Mark Twain's Autobiography (1924)--which at least tried to keep faith with the author; Bernard DeVoto's 1940 culling of excerpts Mark Twain in Eruption; Charles Neider's fundamentally fraudulent, and appallingly mislabeled The Autobiography of Mark Twain (1960),which betrayed the author by scrapping his stream of consciousness structure, political musings, and other controversial content, in favor of a warm, Reader's Digest youth-to-old-age series of anecdotes. (Since then, the late Michael J. Kiskis released an admittedly incomplete version, the sections Twain published in his own lifetime in the pass of the North American Review, called Mark Twain's Autobiography. Unlike Neider, who boasted that he had improved Twain's writing (!), Kiskis Professor referred to his own book, in a letter he kindly sent me, as a useful introduction until the definitive University of California edition was out. He also quite reasonably defended its value in its own right as the last extended piece Twain presented the public, and the most poliched version he reached of the admittedly much longer Autobiographical Dictations.)
One of the few touches I admired in Neider's volume was his addition, in its proper place, of Twain's touching--one might say heart-breaking--tribute to his daughter Jean, the essay The Death of Jean, originally published by Paine in his collection What is Man? Neider's restoration of the piece was right. In his edition--like Paine's publication of the piece--is edited. It's powerful and moving, and more full than Paine's--bit still cut, in two significant aspects.
We know that, now that The Autobiography of Mark Twain volume 3 is, at long last, out. I just received it, and flipping through, noticed that in the new edition, "The Death of Jean" begins with the author--writing on Christmas Eve, shortly after Jean's death in her bath after an epileptic seizure--writing that with her data, the Autobiography is closed, its purpose in leaving his children a source of income after his death moot, as Clara was now well off, and Jean beyond his help. (Pp. 310-311) (Clemens vacillated on the purpose of the Autobiography--at times he loved it for itself, attires he saw it as a self-help copyright extension, at times he saw it as a literary stroke of genius. He contained multitudes, what can I say?)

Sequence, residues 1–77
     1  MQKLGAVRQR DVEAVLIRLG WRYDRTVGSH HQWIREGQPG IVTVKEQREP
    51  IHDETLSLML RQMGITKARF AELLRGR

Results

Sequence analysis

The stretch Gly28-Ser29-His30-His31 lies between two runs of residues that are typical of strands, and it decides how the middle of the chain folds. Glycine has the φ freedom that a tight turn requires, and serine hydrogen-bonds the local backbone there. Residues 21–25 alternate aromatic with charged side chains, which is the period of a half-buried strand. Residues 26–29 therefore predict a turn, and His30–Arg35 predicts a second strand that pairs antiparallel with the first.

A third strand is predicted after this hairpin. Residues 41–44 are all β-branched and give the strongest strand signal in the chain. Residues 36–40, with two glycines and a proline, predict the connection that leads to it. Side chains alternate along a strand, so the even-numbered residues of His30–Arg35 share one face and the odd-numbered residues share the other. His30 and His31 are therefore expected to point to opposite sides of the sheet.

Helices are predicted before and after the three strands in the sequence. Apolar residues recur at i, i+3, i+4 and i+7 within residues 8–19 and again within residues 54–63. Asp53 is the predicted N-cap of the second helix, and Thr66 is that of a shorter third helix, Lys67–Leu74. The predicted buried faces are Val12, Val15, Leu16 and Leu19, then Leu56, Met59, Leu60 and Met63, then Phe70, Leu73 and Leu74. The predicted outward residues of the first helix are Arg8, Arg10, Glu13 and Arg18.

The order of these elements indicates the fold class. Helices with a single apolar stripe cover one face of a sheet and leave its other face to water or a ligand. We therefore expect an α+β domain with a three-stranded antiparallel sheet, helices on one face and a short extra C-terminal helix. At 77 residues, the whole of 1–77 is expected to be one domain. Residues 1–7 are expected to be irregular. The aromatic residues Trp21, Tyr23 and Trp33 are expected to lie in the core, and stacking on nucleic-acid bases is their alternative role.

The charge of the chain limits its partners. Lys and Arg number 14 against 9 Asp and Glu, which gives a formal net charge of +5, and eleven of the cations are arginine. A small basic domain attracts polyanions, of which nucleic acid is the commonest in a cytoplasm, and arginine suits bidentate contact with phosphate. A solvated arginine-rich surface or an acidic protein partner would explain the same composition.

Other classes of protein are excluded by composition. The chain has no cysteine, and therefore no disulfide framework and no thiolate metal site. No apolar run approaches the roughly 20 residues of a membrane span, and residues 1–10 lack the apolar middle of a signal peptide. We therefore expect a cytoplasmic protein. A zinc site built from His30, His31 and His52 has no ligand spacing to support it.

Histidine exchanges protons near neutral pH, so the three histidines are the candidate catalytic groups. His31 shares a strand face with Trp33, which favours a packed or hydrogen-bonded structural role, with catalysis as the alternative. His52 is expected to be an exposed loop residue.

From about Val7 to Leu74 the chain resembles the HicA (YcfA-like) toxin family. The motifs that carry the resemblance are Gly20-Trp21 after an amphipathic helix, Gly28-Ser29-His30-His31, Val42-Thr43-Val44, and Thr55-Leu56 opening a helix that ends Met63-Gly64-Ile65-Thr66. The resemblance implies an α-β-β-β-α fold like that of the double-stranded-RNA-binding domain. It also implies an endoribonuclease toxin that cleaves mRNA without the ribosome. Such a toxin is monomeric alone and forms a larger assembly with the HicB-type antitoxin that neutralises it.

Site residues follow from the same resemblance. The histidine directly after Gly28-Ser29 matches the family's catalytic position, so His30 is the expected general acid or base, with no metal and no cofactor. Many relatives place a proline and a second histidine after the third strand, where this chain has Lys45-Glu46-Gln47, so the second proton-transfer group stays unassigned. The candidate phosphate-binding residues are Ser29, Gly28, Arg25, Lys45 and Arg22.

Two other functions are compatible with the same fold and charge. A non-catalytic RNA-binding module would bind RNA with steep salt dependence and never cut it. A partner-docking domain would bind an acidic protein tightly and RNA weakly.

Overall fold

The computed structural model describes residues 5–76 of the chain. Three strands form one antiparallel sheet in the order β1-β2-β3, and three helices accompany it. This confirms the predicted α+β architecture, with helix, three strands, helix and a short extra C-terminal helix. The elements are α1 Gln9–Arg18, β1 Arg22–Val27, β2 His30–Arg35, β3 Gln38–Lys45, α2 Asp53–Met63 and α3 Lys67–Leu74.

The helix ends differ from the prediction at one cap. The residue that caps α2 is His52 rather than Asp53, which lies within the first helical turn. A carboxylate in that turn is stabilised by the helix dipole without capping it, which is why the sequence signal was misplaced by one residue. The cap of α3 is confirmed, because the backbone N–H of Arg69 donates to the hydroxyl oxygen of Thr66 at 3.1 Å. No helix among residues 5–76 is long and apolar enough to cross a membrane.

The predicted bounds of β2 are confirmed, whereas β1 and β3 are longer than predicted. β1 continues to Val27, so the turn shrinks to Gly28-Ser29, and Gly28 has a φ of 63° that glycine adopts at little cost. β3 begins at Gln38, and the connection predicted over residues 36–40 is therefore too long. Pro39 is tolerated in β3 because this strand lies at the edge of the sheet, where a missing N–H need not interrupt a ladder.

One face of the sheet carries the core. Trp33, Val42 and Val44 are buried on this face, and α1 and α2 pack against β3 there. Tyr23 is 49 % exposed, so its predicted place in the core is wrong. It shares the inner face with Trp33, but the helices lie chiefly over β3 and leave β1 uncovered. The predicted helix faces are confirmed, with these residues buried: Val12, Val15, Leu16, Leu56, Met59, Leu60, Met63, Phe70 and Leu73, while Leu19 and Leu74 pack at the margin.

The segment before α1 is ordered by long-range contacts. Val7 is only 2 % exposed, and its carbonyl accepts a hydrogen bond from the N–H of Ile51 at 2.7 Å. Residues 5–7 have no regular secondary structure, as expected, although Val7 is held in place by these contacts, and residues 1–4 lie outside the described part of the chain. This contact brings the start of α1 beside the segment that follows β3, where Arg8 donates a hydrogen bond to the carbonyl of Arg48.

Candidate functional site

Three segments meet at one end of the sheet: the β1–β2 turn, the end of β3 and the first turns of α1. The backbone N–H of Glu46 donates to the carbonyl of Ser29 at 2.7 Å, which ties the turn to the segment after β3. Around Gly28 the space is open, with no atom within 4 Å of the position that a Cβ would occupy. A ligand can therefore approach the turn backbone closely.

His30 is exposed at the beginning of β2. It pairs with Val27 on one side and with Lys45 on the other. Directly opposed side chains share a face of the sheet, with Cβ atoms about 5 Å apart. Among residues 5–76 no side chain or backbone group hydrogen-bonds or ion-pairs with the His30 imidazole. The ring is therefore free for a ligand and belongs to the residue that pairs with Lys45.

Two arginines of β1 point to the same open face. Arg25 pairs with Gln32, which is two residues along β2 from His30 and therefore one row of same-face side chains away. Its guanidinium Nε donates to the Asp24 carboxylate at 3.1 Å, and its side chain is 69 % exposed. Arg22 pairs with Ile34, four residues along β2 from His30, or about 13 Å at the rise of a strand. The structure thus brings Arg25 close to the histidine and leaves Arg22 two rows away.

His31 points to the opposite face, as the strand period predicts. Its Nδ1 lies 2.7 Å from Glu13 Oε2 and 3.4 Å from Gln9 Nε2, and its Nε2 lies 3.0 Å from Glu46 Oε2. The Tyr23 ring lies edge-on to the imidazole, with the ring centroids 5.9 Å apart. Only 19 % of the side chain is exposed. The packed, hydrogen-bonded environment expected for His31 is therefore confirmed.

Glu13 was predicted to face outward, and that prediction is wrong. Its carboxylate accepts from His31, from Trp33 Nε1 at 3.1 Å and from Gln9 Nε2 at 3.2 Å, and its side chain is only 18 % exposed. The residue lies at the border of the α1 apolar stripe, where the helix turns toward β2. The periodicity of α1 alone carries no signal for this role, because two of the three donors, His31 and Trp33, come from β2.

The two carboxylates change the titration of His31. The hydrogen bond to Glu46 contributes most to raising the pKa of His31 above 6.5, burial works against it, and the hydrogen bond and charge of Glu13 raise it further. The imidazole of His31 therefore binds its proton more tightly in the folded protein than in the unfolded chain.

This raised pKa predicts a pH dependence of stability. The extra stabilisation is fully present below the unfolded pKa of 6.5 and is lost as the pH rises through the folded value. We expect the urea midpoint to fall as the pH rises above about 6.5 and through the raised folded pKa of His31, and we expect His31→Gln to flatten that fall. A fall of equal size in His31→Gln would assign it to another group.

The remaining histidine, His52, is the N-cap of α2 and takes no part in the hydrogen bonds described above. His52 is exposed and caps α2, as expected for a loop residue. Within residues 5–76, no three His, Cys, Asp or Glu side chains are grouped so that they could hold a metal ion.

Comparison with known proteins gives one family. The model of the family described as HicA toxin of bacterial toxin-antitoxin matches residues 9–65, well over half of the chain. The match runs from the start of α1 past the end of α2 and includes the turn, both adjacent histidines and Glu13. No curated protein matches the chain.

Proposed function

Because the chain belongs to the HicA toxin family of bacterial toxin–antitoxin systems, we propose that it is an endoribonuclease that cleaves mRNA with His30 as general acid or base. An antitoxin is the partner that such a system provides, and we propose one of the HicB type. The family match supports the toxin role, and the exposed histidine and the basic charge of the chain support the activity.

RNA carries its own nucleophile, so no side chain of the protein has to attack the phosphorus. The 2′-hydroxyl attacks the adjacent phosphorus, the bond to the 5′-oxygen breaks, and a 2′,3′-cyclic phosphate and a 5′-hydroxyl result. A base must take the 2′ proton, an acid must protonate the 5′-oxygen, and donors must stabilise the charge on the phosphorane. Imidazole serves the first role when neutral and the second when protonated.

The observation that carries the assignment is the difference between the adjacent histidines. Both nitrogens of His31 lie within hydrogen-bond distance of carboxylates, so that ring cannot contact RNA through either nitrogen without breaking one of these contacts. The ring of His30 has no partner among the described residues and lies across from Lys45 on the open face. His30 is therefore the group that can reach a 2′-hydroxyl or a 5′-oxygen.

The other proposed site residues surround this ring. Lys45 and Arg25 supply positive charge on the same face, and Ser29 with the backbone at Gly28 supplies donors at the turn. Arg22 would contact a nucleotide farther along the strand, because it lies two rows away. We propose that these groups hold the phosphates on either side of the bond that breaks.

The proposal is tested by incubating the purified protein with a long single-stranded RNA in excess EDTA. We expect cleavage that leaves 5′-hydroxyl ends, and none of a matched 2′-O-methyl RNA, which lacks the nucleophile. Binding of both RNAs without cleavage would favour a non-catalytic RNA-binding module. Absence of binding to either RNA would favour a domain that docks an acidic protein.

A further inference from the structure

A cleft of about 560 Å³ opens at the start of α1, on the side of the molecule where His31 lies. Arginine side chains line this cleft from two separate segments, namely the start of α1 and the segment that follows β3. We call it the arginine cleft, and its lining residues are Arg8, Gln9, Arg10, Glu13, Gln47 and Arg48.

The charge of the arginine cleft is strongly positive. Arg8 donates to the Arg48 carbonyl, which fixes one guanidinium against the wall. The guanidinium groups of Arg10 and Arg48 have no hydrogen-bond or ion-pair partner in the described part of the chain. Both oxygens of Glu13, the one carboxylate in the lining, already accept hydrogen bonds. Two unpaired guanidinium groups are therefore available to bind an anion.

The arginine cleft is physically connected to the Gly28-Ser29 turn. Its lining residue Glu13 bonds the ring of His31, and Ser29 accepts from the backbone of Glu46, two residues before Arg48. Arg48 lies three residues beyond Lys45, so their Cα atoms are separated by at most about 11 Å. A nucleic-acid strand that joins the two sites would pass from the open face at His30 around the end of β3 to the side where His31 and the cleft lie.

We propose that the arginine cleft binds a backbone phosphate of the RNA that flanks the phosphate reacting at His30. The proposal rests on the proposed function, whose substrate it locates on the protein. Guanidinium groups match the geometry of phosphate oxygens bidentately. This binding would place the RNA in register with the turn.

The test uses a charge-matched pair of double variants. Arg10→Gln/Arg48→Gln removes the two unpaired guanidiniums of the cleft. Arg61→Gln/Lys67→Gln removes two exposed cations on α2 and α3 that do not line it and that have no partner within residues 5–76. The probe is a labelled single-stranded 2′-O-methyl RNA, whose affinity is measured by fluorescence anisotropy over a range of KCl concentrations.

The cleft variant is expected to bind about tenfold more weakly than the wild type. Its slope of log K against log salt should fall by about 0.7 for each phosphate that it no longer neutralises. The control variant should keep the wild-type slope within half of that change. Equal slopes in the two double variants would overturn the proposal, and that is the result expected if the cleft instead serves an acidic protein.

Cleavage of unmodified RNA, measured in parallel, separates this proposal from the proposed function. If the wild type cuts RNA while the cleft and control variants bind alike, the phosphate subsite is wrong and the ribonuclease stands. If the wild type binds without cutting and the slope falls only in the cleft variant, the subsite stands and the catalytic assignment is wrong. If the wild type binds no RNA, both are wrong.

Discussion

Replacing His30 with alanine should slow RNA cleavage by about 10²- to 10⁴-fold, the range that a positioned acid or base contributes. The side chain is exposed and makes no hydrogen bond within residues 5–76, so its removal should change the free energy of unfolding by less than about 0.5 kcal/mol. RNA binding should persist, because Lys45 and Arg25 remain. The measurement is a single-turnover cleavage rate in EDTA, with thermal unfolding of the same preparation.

There are other passages that were new to me, too, including the suggestion that Jean's "disease, and its awful convulsions, wore out her gentle mother's strength with grief and watching and anxiety, and caused her death, poor Livy!" (P. 316). As Resa Willis notes, earlier he blamed himself for her death--the strain of the round-the-world tour, the loss of their Hartford home, his visiting her too often in her sickroom. Willis also notes that Jean had not had a seizure for 13 months before her mother's death.
Here, in his renewed grief, he offloads some of his guilt onto Jean, simultaneously absolving her; mourning her sincerely, but trying to shed a burden too long carried. (Again, Willis notes that Olivia Langdon Clemens had suffered from heart trouble and hyperthyroidism, among other medical problems, for years.)
All of which is to say that Clemens was a complicated man, and that his editors tried to smooth out his jagged edges. A mistake, I think; we need Mark Twain, but we need him in all his complexity and human frailty. And that's what he tried to give us, and why he was "speaking from the grave."